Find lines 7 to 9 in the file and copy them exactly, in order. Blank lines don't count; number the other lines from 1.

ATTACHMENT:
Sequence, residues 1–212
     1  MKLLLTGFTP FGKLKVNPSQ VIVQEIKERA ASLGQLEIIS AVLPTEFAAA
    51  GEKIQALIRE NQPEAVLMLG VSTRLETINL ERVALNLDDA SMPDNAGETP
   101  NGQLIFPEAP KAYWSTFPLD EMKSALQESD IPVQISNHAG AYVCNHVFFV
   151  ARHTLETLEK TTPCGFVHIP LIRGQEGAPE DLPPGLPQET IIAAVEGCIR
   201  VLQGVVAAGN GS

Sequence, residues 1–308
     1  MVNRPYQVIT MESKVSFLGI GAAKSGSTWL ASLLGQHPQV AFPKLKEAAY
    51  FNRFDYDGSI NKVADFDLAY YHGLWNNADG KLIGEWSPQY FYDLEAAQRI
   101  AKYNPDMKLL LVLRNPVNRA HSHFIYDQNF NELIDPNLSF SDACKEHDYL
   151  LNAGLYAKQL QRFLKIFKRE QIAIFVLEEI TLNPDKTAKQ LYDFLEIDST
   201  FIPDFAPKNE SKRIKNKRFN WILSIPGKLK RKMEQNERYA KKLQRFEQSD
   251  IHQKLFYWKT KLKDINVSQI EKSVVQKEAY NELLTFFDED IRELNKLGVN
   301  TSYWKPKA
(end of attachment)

Sequence, residues 1–308
     1  MVNRPYQVIT MESKVSFLGI GAAKSGSTWL ASLLGQHPQV AFPKLKEAAY
    51  FNRFDYDGSI NKVADFDLAY YHGLWNNADG KLIGEWSPQY FYDLEAAQRI